First, a blog posting from Michael Blowhard on overabundance:
Perhaps life in a consumer utopia has its dark sides. We live in a culture that's much more responsive, at least materially, to what we want -- or at least to what we think we want and say we want -- than it once was. Yet does getting what we say we want always turn out as well as we hope it will?
Second, one of Terry Teachout's readers worries that we now have too much art:
In other words, is the demand for new art diminishing--not because we are a soulless culture obsessed with celebrity and real estate--but because there's more than enough great stuff out there to consume, and we don't have nearly enough time to enjoy it? There seems to be such a glut of everything artistic these days. In jazz alone, I could go on listening to new and already-heard stuff from the same 1940s and 1950s period until I dropped dead at 100 without running out, and that's jazz alone. Meaning, I really don't need any more jazz to be produced. It's all on disc. I don't need any more cabaret singers singing Cole Porter, or young guys in suits playing Fats Navarro, etc.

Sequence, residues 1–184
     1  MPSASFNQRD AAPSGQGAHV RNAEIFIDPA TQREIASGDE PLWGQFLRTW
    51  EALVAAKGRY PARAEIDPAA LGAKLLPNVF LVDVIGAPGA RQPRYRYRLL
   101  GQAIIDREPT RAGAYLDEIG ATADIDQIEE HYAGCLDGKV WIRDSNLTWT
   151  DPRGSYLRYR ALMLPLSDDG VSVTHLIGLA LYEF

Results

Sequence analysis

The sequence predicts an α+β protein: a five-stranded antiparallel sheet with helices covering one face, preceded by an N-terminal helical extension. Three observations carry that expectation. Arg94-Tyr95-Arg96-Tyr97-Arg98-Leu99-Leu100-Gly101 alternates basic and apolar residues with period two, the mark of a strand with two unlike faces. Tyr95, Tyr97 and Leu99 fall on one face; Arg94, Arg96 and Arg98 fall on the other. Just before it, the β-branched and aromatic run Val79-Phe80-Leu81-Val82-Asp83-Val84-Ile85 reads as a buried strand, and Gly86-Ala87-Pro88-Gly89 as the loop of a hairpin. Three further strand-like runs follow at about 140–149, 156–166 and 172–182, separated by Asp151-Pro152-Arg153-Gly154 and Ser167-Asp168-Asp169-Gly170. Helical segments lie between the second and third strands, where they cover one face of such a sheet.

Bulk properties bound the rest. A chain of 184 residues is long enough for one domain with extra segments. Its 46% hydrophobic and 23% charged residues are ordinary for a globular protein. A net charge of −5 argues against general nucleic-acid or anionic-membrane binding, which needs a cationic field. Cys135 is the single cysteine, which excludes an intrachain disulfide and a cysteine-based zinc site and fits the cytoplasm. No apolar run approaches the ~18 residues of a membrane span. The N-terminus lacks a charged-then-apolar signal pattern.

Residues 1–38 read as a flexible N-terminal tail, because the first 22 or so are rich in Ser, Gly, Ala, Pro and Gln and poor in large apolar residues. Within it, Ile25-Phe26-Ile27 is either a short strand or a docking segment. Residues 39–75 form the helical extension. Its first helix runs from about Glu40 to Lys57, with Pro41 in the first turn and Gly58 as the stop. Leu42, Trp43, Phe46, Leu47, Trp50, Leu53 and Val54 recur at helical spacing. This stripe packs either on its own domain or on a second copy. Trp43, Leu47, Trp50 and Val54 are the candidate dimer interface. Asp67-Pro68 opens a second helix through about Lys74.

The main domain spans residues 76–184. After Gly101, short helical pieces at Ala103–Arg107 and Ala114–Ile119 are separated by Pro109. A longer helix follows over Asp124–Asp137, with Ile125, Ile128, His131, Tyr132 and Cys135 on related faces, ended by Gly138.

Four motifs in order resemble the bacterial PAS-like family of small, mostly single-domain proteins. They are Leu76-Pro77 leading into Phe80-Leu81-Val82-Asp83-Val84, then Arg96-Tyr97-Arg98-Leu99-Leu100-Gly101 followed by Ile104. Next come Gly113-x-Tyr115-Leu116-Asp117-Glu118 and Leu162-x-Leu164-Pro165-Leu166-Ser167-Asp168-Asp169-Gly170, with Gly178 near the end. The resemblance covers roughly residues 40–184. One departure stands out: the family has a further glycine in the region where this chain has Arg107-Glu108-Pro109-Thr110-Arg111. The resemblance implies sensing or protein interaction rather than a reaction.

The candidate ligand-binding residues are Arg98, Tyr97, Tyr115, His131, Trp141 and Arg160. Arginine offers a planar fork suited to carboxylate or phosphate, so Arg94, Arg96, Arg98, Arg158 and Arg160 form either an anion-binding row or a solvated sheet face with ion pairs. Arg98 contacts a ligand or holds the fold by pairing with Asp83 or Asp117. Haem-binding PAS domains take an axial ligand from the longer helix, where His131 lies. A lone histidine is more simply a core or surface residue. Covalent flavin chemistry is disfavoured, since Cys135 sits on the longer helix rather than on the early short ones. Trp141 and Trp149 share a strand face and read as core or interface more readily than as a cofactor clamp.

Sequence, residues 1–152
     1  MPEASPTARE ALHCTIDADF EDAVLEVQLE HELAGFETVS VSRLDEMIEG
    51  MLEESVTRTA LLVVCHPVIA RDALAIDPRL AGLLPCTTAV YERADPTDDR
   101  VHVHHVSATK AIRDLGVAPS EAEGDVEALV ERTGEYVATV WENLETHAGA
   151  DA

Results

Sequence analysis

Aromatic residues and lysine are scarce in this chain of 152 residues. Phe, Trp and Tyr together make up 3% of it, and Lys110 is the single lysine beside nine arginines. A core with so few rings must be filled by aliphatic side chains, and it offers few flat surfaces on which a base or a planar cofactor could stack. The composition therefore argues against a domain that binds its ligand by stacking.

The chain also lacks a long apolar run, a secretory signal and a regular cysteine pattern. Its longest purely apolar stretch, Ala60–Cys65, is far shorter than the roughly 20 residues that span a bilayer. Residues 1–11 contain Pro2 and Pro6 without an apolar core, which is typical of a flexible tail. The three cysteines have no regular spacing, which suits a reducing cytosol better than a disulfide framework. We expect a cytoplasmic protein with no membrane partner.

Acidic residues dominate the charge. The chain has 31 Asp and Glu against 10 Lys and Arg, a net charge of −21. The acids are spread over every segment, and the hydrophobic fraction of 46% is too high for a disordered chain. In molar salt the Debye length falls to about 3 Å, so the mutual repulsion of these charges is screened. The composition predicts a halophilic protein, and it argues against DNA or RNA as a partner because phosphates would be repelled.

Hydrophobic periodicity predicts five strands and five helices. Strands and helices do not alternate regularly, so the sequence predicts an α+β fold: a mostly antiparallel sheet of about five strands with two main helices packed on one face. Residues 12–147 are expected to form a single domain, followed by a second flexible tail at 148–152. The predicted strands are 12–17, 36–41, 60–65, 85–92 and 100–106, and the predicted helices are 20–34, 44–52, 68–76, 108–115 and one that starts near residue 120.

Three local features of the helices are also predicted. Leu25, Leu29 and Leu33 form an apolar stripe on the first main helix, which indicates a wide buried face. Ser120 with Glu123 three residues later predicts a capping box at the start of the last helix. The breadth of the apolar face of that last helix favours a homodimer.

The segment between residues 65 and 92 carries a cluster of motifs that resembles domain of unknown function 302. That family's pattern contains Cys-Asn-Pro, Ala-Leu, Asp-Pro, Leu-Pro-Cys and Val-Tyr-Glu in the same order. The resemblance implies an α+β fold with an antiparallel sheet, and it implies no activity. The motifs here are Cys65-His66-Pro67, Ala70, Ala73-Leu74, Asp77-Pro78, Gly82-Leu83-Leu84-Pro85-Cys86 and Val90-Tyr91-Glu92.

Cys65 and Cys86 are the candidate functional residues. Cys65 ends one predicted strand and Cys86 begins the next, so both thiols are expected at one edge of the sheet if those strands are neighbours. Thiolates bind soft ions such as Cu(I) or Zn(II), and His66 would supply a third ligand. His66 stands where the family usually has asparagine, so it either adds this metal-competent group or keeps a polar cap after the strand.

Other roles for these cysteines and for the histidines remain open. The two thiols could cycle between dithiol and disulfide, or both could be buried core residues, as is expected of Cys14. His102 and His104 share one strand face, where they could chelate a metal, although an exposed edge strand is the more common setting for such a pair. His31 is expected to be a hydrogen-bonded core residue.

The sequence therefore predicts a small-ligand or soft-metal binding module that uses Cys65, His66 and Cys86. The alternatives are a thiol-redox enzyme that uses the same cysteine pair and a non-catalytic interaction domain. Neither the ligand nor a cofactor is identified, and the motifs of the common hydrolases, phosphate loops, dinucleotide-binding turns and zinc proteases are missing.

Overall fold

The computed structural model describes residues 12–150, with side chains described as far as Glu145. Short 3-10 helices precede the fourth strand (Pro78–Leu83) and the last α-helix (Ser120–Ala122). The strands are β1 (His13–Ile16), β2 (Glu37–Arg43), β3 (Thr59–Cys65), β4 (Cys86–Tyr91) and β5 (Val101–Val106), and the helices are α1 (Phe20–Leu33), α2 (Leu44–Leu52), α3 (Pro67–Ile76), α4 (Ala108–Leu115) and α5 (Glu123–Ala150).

And, finally, Virginia Postrel assures us that all this "too much of a good thing is a bad thing"-talk is all wrong:
Since different people care intensely about different things, only a society where choice is abundant everywhere can truly accommodate the variety of human beings. Abundant choice doesn’t force us to look for the absolute best of everything. It allows us to find the extremes in those things we really care about, whether that means great coffee, jeans cut wide across the hips, or a spouse who shares your zeal for mountaineering, Zen meditation, and science fiction.
Postrel makes some good points, but, on a gut level, I sympathize more with Michael and Mr. Teachout's correspondent. I'm reminded of a bit from Greg Egan's sci-fi novel Quarantine, where Axon--a kind of futuristic self-help company that manufactures nano-tech "serums" that instantly make their users smarter, better able to deal with people, more successful, etc--is advertising a new product: serums which give their users a sense of purpose. The ad goes:
"For more than twenty years, Axon has been helping you to attain life's riches. Now we can help you to want them!"
And this gets at what Postrel seems to miss: our modern consumer society gives us all these choices, but eats away at the sense of purpose necessary to make making choices meaningful and fulfilling.